Photo: Shawn Gritzmacher/INDYCAR

2017 IndyCar Driver Review: Takuma Sato

By Aaron Bearden, Contributing Writer

Motorsports Tribune reviews the season of the top 10 drivers from the 2017 Verizon IndyCar Series championship. Our list continues with the eighth-place championship finisher, Takuma Sato.

Takuma Sato, No. 26 Andretti Autosport Honda

  • 2017: 8th in the championship 
  • Wins: 1, Top 5: 4, Top 10: 7, Poles: 1, Laps Led: 41
  • Best Finish: 1st (Indianapolis 500)

His championship hopes may have sputtered over the summer months, but Sato’s 2017 will be forever be remembered as a tale of redemption after his fateful drive to Indianapolis Motor Speedway glory.

Sato entered the 2017 season with the optimism of a fresh start with a new team. After four subpar seasons with AJ Foyt Racing, the Japanese shoe began anew with defending Indianapolis 500 champions Andretti Autosport.

The 40-year-old’s year began with a string of inconsistency. The opening weekend in St. Petersburg brought a top five, but the ensuing race at Long Beach ended with a disappointing 18th-place result. Sato returned to the top 10 with a ninth-place finish at Barber Motorsports Park, but again followed it up with a subpar finish of 16th at Phoenix Raceway.

While the opening two months of the season didn’t provide much hope for Sato and Andretti, the eight-year Verizon IndyCar Series veteran was given the opportunity of a lifetime when the Month of May arrived.

Sato’s month started with another disappointment – a 12th-place finish in the Grand Prix of Indianapolis. But when the field finally took to the track’s legendary 2.5-mile oval, Sato’s potential to contend began to shine through.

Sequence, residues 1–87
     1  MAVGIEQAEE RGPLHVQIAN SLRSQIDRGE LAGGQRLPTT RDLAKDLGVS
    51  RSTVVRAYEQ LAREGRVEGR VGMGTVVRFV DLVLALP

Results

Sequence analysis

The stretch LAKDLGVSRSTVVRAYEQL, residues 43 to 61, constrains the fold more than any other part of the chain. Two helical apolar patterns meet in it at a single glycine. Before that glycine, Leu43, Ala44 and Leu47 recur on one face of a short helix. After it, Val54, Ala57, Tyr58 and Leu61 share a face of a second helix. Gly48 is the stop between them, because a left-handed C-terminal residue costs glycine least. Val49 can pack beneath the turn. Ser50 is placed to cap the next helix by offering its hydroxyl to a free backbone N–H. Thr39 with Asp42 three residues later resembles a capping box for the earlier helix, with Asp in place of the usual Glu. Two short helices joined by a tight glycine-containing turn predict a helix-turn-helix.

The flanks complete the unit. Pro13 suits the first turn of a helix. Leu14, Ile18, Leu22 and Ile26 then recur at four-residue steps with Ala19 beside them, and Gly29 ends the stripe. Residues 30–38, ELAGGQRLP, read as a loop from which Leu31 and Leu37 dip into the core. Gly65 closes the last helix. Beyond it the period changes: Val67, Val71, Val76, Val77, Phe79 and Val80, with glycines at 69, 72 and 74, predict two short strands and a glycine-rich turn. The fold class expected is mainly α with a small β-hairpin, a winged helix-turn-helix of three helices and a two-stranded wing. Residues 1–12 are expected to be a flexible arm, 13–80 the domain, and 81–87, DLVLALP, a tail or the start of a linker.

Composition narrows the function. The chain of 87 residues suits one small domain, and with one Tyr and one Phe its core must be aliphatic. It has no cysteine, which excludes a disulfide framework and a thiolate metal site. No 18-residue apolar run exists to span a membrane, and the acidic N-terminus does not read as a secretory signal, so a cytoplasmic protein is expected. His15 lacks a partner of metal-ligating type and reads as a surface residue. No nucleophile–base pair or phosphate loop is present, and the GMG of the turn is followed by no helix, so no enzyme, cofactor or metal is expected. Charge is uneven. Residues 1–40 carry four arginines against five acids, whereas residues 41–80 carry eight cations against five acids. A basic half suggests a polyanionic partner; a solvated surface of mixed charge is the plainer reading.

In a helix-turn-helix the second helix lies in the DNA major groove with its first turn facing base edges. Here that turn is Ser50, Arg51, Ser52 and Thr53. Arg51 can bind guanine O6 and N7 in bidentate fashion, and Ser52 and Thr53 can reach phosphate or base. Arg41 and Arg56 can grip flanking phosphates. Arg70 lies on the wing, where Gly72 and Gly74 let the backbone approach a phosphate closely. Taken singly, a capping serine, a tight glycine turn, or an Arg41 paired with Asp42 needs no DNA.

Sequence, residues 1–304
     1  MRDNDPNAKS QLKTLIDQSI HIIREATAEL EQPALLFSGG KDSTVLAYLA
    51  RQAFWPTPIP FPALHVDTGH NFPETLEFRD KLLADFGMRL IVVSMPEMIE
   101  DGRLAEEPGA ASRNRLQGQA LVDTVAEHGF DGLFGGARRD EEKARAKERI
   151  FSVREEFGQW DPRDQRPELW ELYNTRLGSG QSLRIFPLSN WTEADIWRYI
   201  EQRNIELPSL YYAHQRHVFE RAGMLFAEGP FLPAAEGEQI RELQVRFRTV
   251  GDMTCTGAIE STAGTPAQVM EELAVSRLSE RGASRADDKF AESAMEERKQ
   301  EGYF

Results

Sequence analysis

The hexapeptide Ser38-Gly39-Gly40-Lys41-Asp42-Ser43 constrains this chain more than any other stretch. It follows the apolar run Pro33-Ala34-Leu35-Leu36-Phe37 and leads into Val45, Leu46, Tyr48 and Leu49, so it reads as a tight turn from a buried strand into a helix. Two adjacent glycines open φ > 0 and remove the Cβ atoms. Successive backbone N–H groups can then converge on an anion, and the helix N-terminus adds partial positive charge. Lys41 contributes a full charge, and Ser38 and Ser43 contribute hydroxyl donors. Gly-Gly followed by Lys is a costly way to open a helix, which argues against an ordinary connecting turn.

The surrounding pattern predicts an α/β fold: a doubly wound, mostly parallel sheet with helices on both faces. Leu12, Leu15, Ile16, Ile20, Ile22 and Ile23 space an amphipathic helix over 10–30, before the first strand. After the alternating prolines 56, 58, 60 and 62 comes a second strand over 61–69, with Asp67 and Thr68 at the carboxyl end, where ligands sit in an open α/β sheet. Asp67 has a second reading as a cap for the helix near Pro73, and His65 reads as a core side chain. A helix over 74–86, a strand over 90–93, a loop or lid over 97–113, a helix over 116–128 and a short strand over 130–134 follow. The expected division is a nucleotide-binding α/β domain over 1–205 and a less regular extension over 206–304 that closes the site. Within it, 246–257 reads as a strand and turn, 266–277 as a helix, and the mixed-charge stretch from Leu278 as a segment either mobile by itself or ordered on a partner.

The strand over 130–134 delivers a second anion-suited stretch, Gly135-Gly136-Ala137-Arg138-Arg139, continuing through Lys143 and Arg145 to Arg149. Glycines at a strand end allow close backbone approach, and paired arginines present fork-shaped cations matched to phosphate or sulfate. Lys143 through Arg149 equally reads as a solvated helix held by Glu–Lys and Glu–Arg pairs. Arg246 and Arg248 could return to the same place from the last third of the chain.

The majority of the focus and attention went to Formula One’s Fernando Alonso throughout the month, but Sato positioned himself as a quiet contender for the 101st Running of the Indianapolis 500 when he qualified fourth for the event.

After a quiet race week, Sato arrived at the ‘Brickyard’ on race day morning with his first strong chance at the winner’s milk since 2012 – the year Sato was left heartbroken after crashing on the last lap in a battle with race-winner Dario Franchitti.

During his torrid years with Foyt, many wondered if Sato would ever have the opportunity to avenge that loss. With the laps winding down in the 2017 edition of the race, it was clear that he would.

Sato drove through to the lead in the closing laps, fended off a fierce challenge from Team Penske’s Helio Castroneves and flashed across the bricks on Lap 200 to claim an emotional Indy win.

Five years removed from Indy heartbreak, Sato had finally ascended to INDYCAR’s promised land. He drank the milk, kissed the bricks and posed next to the Borg-Warner Trophy as a champion of North America’s biggest race.

From there on Sato’s season slowly descended back to regularity. The Honda driver kept himself in championship contention the following weekend at Belle Isle Park with finishes of eighth and fourth. His title fight stayed alive through Texas Motor Speedway, too, after Sato survived longer than most to salvage a 10th-place result.

From there things fell apart. Sato managed only one top 10 – a fifth-place run at Mid-Ohio Sports Car Course – over the season’s final eight races.

Sato ultimately ended the season eighth in points, the highest mark he’s managed in his eight-year career. He set a new personal best in both average start (8.8) and average finish (12.4), while tying his career best in poles (two).

Whether Sato will be able to parlay his strong 2017 into continued results in 2018 remains to be seen. The new 2018 aero kits and a move back to Rahal Letterman Lanigan Racing – where he competed in 2012 – mean many questions will need answered before Sato’s championship prospects are known. At 41 years old by the time the 2018 season begins, Sato will also be forced to address the career and health questions that come with his age.

But regardless of how the 2018 season and beyond play out, Sato will always be remembered as an Indianapolis 500 champion. For that reason, his 2017 will always be a year to remember.

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Aaron Bearden is a Contributing Writer for Motorsports Tribune, handling coverage of both the Verizon IndyCar Series and ABB FIA Formula E Championship. A native Hoosier, Bearden has attended races at Indianapolis Motor Speedway since he was three years old. He can be found on social media at @AaronBearden93.